Kidnap the staff of Private Eye, Rory Bremner, Armando Iannucci, Craig Brown and every one of Britain's top ranked satirists, lock them in a room with electrodes strapped to their genitals, and not in a year could they contrive a sketch as gloriously revealing as the one produced on Wednesday in Brighton. So unconscionably perfect is the case of Walter Wolfgang that two days later it retains the quality of a dream. Is it really possible that one brief interlude could encapsulate everything that is so poisonous, demented, dangerous and plain daft about our ruling party?
A sweet old Jewish gentleman of 82, childhood refugee from 1930s Germany, exercises the sort of basic democratic right for which this country supposedly fought Hitler, shouting "Nonsense" at Jack Straw, and is treated as if he'd screamed "Death to the Führer" at a Nuremberg rally.
This is clearly wild hyperbole, since he is still with us. Even so, the snapshots of Mr Wolfgang having his collar literally felt by a bouncer, and later framed by two enormous coppers outside as they refused him re-entry under the Prevention of Terrorism Act, brilliantly capture the air of semi-fascistic authoritianism that has swirled around New Labour High Command for so long.
Were I David Davis, David Cameron, Ken Clarke, Liam Fox, Pam Ayres, Uncle Tom Cobbleigh or whichever poor sod eventually gets lumbered with the Tory leadership, my first act on winning that thorny crown would be to commission the ad agency to start work on the posters now. The image of this ferocious-looking suspected terrorist being manhandled like a drunk outside a nightclub for daring to state the obvious about Mr Straw's speech on Iraq should adorn every bus stop and billboard in 2009. Every election broadcast should run the footage on a loop, and every speech hold his treatment up for public inspection as an iconic representation of what New Labour is about.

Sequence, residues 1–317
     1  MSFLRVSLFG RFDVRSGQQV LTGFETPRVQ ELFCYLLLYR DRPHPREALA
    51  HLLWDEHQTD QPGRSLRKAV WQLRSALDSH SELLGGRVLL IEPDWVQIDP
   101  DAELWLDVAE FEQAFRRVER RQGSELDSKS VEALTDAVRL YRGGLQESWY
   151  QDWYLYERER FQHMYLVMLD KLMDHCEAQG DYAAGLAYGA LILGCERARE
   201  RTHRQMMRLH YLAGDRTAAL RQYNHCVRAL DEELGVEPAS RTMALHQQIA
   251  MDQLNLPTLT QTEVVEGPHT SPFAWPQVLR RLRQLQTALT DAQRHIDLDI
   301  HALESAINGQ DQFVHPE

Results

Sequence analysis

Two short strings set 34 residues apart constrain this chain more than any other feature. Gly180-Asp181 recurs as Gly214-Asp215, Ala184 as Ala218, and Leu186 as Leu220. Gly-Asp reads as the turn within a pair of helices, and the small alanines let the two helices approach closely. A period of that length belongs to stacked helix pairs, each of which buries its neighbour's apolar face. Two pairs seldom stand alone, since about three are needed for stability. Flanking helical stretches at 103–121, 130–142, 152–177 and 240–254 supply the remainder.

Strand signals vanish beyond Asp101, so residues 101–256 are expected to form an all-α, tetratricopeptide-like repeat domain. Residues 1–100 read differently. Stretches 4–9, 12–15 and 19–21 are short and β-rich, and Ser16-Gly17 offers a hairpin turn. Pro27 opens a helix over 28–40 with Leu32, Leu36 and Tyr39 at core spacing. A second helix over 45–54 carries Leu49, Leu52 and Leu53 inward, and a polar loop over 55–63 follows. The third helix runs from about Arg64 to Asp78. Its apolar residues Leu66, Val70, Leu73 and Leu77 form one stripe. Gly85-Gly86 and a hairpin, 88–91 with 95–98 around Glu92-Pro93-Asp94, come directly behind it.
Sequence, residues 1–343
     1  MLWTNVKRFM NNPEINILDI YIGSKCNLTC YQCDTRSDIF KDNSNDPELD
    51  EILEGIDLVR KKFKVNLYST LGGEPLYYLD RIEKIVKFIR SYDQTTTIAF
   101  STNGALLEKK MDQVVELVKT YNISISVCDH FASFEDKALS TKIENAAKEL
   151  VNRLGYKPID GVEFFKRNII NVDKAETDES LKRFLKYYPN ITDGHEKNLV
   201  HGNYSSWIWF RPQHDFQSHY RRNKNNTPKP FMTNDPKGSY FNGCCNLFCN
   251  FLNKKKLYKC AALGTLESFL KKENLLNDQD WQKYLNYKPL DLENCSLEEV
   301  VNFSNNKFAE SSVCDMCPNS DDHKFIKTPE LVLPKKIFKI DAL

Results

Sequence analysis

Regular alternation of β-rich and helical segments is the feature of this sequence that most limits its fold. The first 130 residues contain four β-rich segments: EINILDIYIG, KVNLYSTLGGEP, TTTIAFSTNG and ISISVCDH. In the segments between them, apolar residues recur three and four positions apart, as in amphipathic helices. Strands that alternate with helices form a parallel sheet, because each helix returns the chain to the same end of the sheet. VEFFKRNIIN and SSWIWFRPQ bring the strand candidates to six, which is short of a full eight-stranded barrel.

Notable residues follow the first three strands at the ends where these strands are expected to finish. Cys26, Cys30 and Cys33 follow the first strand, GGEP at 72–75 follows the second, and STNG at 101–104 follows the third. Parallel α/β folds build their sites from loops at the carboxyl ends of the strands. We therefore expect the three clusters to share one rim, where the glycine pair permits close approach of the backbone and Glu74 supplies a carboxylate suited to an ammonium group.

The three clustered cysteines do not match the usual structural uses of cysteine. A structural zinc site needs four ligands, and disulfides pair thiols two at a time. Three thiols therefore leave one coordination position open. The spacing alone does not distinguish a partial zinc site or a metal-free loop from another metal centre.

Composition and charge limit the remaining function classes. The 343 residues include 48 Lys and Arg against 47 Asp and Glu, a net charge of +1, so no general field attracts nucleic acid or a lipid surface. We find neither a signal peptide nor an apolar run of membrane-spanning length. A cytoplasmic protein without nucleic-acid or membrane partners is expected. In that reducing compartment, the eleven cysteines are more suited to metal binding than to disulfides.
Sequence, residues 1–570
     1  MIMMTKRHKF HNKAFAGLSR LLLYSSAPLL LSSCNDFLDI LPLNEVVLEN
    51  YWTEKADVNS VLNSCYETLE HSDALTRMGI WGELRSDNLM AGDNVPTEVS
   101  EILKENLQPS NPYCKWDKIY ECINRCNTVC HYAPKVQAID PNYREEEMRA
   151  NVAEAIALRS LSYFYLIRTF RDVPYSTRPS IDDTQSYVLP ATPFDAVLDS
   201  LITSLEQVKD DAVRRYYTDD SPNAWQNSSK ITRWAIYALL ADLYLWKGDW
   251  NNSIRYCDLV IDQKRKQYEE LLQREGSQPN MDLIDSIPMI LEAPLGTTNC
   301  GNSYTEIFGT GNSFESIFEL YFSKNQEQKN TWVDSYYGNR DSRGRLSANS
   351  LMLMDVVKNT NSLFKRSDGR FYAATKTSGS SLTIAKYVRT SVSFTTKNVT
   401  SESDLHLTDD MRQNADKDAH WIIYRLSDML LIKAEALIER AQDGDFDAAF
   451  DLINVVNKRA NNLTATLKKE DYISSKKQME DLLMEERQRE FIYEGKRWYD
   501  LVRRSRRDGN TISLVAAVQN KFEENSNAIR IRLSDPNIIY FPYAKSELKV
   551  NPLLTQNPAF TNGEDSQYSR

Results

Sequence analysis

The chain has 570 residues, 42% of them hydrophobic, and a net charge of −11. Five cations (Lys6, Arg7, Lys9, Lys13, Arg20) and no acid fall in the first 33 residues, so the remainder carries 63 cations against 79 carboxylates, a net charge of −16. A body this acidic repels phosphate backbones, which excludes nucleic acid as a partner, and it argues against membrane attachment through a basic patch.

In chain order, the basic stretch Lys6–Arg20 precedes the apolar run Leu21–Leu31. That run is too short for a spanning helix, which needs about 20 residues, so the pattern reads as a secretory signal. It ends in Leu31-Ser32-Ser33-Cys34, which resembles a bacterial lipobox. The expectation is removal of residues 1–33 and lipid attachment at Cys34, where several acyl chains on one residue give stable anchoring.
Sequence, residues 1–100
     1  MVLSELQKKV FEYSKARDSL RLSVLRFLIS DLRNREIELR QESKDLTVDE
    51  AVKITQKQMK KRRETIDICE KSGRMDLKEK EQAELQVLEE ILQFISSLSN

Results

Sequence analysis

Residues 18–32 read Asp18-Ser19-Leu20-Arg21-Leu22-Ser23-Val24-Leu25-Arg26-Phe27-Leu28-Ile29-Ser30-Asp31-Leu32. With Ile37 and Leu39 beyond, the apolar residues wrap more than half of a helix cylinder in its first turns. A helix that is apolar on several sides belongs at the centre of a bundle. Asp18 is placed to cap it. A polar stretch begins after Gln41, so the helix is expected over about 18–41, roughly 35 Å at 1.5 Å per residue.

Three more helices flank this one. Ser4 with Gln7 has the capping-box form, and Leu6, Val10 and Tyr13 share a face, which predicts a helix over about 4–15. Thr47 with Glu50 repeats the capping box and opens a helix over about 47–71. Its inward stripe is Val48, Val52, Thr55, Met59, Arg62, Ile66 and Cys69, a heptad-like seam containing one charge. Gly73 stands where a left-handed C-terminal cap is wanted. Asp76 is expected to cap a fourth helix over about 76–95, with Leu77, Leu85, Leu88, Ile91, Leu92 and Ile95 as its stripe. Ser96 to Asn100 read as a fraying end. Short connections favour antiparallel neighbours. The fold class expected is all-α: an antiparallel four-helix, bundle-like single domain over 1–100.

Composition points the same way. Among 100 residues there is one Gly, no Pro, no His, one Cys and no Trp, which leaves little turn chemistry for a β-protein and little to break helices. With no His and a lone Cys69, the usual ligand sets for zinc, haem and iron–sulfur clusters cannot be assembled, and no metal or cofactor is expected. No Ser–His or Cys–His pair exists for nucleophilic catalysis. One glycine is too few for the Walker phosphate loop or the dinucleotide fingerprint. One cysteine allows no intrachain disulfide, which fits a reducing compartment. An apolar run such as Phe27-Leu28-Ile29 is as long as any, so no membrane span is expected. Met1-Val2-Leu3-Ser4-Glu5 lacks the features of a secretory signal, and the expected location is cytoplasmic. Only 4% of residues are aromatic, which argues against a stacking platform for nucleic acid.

Yet if anything, the aftermath of Mr Wolfgang's removal is even more revealing than the incident itself. Admittedly, with Alastair Campbell elsewere, no attempt to smear Mr Wolfgang as a commie agitator was made, despite the quaint-looking CND badge on the lapel of his fetching mauve suit. However, a glance at the apologies offered in a wild crack at damage limitation tell their own tales.
Firstly, Ian McCartney - just the sort of chap, ironically, one might picture heckling a stand-up at the Glasgow Empire on a Saturday night - had his twopenn'orth. Mr Wolfgang's breach of etiquette, argued Labour's chairman, was in making his point in the hall when there were reporters outside ready to listen. If a supposedly old-style leftie like Wee Ian has adopted the notion that political protest should be made to the press rather than during a debate, that makes the point about New Labour's democratic instincts and modus operandi better than I can hope to do.